First-quarter results at the wirehouses indicate that Morgan Stanley Smith Barney leads the pack in terms of the number of financial advisors, while Merrill Lynch FAs continue to have the highest level of trailing-12-month revenues.
Merrill and UBS are neck in neck in terms of average assets per advisor, at about $100 million per FA.
For the first quarter of 2010, Bank of America’s Merrill Lynch Global Wealth Management unit had a revenue drop of $202 million to $3.1 billion from a year earlier. However, the impact on net interest income was “partially offset by improvements in investment and brokerage income due to higher valuations in the equity markets and increased transactional activity,” the company said in a statement.
Merrill Lynch’s asset-management fees produced $820 million in income vs. $788 million in the first quarter of 2009. Brokerage income stood at $766 million vs. $750 million a year before for a total of $1.59 billion in fees and income at the BofA unit.
Merrill had net income of $360 million in the first quarter of 2010.
It now includes some 15,005 financial advisors, down from 15,822 a year ago. The company reports that these advisors have average trailing-12-months sales (or production) of $807,000. This is up a bit from $803,000 a year ago but down somewhat from $830,000 in the fourth quarter of 2009.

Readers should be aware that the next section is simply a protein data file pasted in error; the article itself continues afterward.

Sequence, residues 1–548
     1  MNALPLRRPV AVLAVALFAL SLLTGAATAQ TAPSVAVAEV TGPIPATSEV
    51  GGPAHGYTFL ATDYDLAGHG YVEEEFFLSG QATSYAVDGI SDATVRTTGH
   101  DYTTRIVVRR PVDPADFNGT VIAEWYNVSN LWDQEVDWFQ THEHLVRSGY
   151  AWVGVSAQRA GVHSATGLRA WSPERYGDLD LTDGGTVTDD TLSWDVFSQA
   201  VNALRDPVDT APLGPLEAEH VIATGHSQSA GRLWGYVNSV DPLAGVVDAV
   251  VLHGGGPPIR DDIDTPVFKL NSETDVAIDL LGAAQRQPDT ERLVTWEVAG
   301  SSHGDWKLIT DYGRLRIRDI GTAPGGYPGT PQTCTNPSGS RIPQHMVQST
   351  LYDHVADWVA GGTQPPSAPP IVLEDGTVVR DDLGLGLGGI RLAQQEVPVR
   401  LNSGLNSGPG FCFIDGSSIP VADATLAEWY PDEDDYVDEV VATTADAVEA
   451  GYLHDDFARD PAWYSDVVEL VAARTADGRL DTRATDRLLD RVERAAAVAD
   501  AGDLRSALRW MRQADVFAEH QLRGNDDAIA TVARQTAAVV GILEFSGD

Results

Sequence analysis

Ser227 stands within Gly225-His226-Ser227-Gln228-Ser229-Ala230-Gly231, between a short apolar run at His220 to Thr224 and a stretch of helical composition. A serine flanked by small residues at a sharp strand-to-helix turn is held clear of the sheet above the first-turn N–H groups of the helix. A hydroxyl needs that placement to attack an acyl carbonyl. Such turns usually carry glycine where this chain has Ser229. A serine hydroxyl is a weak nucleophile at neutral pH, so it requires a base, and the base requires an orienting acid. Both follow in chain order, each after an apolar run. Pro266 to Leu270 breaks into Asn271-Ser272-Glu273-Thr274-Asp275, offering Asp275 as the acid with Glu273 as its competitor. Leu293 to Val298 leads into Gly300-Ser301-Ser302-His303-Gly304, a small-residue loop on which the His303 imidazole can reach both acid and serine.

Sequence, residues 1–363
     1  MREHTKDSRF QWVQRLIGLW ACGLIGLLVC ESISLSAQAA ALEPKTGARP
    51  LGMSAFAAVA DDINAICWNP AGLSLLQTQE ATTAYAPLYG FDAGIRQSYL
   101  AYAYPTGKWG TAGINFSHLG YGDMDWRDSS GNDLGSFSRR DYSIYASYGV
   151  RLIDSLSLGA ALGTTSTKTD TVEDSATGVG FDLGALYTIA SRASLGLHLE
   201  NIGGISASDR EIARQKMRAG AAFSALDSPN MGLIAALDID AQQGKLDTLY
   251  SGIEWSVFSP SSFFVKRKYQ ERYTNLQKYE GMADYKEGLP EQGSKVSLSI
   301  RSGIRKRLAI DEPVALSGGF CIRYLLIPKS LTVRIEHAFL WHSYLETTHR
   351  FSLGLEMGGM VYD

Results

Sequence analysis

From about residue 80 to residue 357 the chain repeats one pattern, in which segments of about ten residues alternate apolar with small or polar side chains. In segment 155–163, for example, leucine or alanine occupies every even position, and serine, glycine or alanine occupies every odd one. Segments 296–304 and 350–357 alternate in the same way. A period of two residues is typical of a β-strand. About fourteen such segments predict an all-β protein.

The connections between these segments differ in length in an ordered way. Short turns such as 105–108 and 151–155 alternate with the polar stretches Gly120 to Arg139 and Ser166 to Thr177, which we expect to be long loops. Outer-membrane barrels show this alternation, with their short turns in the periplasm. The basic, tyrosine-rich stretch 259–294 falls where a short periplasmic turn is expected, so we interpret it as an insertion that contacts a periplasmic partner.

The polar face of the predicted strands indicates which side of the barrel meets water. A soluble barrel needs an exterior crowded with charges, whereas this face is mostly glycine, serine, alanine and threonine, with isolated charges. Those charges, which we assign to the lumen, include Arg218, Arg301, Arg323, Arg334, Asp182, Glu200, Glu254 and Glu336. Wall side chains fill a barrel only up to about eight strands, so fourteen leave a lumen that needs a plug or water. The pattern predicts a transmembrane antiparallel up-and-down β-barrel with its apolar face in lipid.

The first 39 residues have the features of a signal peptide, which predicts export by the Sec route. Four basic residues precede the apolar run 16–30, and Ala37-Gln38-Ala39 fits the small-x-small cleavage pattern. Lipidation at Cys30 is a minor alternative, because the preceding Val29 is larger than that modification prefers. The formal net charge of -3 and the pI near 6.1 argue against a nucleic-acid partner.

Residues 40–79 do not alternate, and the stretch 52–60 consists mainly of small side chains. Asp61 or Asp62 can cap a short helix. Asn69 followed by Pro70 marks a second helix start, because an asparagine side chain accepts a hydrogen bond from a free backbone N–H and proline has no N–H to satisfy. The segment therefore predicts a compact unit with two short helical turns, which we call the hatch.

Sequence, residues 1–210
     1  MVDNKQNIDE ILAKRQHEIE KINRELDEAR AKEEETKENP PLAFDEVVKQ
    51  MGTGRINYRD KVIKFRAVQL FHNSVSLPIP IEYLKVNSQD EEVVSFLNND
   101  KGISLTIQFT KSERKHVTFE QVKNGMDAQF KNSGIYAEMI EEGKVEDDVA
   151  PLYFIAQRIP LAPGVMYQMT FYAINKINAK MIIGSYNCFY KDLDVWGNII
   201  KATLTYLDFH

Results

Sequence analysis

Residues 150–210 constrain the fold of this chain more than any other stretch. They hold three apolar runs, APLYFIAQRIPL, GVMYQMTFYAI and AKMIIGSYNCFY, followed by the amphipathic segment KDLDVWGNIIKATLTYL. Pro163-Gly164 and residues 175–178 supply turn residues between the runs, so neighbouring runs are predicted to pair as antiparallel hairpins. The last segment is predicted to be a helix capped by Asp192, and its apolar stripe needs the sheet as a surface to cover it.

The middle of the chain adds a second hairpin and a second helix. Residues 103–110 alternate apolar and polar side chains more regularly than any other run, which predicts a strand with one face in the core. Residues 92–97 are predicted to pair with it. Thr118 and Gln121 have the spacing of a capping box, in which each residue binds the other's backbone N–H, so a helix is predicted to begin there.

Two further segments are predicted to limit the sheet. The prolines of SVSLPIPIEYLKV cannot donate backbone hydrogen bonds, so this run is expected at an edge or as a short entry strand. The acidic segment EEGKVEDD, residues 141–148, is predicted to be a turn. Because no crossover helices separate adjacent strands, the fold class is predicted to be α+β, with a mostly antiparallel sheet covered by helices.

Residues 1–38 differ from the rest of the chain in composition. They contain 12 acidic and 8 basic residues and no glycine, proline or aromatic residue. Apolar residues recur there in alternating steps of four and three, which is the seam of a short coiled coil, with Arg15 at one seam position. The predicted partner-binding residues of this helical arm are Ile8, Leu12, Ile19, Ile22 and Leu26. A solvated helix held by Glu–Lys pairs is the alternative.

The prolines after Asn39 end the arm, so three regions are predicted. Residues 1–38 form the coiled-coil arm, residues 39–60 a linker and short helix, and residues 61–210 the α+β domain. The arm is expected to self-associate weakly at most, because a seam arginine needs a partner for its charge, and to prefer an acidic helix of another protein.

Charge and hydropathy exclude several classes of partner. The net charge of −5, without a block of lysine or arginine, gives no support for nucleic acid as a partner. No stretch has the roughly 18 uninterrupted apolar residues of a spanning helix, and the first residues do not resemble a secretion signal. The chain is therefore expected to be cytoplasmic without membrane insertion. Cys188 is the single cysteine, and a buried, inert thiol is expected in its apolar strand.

Total client balances at Merrill stand at $1.45 trillion vs. $1.29 trillion a year earlier. This represents about $97 million in average client assets under management per FA vs. $81 million per FA a year earlier.
In the quarter ended March 30, 2010, MSSB reported that it had 18,140 financial advisors, from 18,135 in the fourth quarter of 2009 and 18,444 in the second quarter of 2009. In the first quarter of 2009, before the joint venture with Smith Barney, Morgan Stanley had 8,148 advisors.
MSSB advisors have annualized sales of $685,000 vs. $630,000 a year-ago for the Morgan Stanley advisors.
Assets under management for MSSB are $1.6 trillion vs. $1.56 trillion in the fourth quarter of 2009 and $525 million a year ago. This represents an average of $88 million in AUM per advisor.
Fee-based assets are $413 billion or 26 percent of total assets vs. $379 billion or 24 percent in the fourth quarter of 2009.
The group had new assets of $5.8 billion in the first quarter of 2010 vs. negative $3.7 billion in the previous quarter.
The joint venture’s first-quarter results, reported as Morgan Stanley’s Global Wealth Management Group, included pre-tax income from continuing operations of $278 million, compared with $119 million in the first quarter of last year. Income after a non-controlling interest allocation to Citigroup and before taxes was $163 million. The quarter’s pre-tax margin was 9 percent.
The group also had net revenues of $3.1 billion, compared with $1.3 billion a year ago. The increase primarily reflected incremental net revenues following the closing of the MSSB transaction, the company said in a statement.
Morgan Stanley Smith Barney President Charles Johnston said recently that it expects to continue closing offices as part of the firm’s consolidation, eventually getting down to about 750 branches from today’s 870.
The joint venture between Morgan Stanley and Smith Barney, formed on May 1, 2009, started at about 1,000 offices.